September 2019
Volume 19, Issue 10
Open Access
Vision Sciences Society Annual Meeting Abstract  |   September 2019
Initial fixations differ for brightness and stiffness judgements
Author Affiliations & Notes
  • Lorilei M Alley
    Department of Psychology, Justus-Liebig-University, Giessen, Germany
  • Matteo Toscani
    Department of Psychology, Justus-Liebig-University, Giessen, Germany
  • Robert J Ennis
    Department of Psychology, Justus-Liebig-University, Giessen, Germany
  • Katja Doerschner
    Department of Psychology, Justus-Liebig-University, Giessen, Germany
    Department of Psychology and National Magnetic Resonance Research Center, Bilkent University, Ankara, Turkey
Journal of Vision September 2019, Vol.19, 148a. doi:https://doi.org/10.1167/19.10.148a
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      Lorilei M Alley, Matteo Toscani, Robert J Ennis, Katja Doerschner; Initial fixations differ for brightness and stiffness judgements. Journal of Vision 2019;19(10):148a. doi: https://doi.org/10.1167/19.10.148a.

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      © ARVO (1962-2015); The Authors (2016-present)

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Abstract

A surprising amount of information can be gathered in just a single glance at a scene. In a few hundred milliseconds, we can gather the gist of a scene and obtain critical information about the environment. How do expectations about objects, and prior knowledge about their typical locations, sizes, or materials affect this rapid information acquisition? Here we investigate eye movements in an experiment in which we manipulate observers’ expectation about the object’s material properties. Five naïve participants’ gaze was tracked while they performed Two-Interval-Forced-Choice (2IFC) tasks comparing the stiffness and (in a separate block) the lightness of gelatinous blobs. The stimuli were 3D, computer-rendered animations showing wobbling, diffusely-reflecting objects hanging from the ceiling. Both the stiffness and lightness of the objects varied in 5 perceptually distinct steps. We trained a linear classifier on landing positions to differentiate between the two perceptual tasks. Results indicate that the first fixation for both tasks is at the center of the object. However, by the 4th fixation, the landing position can be used to reliably classify the task (1st: 50.57%, 2nd: 60.11%, 3rd: 67.73%, 4th: 74.94%, 5th: 69.77% classification accuracy with chance performance at 50%). For lightness judgments, fixations tended to be near the brightest region on the object, while for stiffness judgments, fixations tended to gravitate towards regions of higher motion energy. Our results show that observers’ expectations enable them to adopt an optimal sampling strategy. Ultimately, identifying where people fixate on an object will allow us to understand which cues are relevant in the perception of material qualities in dynamic scenes.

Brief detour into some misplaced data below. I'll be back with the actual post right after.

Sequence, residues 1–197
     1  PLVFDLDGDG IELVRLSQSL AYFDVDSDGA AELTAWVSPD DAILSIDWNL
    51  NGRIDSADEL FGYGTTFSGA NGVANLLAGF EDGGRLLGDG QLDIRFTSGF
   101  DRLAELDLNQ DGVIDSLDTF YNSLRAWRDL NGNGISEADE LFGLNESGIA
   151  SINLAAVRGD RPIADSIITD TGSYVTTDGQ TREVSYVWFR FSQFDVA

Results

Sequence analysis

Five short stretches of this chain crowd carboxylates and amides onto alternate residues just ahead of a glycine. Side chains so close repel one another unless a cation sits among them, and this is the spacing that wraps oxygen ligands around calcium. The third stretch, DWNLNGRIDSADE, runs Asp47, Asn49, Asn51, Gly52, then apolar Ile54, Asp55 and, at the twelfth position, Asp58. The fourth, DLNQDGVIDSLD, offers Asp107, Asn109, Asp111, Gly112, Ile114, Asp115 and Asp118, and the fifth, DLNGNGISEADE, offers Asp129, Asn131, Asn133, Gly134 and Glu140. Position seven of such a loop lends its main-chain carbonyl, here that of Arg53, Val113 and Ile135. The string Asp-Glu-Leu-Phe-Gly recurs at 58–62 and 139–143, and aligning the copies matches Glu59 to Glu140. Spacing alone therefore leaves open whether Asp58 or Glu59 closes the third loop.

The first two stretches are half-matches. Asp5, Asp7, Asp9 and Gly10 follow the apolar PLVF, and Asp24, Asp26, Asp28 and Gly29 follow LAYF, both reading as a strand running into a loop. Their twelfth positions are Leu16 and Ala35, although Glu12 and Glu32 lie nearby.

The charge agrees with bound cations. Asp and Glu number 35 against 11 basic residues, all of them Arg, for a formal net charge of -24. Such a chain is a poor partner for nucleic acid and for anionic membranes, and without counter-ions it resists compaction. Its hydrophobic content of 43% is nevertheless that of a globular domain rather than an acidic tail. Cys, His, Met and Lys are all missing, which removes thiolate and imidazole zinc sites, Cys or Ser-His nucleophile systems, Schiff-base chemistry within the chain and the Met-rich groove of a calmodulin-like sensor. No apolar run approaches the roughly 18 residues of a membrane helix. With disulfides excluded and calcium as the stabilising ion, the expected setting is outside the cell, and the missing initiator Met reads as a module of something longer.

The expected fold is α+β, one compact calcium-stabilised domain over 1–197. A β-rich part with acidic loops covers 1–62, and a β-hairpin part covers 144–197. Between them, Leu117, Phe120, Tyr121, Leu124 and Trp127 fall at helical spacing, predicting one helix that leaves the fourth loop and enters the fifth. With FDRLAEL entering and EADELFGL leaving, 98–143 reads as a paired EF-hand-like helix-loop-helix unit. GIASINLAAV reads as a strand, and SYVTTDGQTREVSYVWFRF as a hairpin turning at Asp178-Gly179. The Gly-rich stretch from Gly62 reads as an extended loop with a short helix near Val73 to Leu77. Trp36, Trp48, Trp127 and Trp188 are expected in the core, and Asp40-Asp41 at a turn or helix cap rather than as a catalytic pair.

Acknowledgement: This research was supported by a Sofja Kovalevskaja Award from the Alexander von Humboldt Foundation, sponsored by the German Federal Ministry for Education and Research. 
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